The first study of how the gap year can make young people more effective students and better citizens.
With some of the most prestigious universities in America urging students to defer admissions so they can experience the world, the idea of the gap year has taken hold in America. Since its development in Britain nearly fifty years ago, taking time off between secondary school and college has allowed students the opportunity to travel, develop crucial life skills, and grow up, all while doing volunteer work in much-needed parts of the developing world.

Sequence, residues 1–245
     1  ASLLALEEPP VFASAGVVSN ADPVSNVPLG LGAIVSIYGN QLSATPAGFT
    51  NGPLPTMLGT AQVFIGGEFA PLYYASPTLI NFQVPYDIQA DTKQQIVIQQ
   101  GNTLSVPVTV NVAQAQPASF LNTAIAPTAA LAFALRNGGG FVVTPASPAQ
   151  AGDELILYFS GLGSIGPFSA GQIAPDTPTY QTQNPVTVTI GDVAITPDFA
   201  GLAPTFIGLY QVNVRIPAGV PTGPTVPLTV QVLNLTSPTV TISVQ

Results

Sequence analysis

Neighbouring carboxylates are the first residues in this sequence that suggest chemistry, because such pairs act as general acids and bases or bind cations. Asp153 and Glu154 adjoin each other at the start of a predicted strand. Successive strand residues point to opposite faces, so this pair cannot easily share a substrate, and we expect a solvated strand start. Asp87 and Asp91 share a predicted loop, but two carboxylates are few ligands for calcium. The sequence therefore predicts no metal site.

Until now, there has been no systematic study of how the gap year helps students develop as young scholars and citizens. Joseph O’Shea has produced the first empirically based analysis of a gap year's influence on student development. He also establishes a context for better understanding this personal development and suggests concrete ways universities and educators can develop effective gap year programs.
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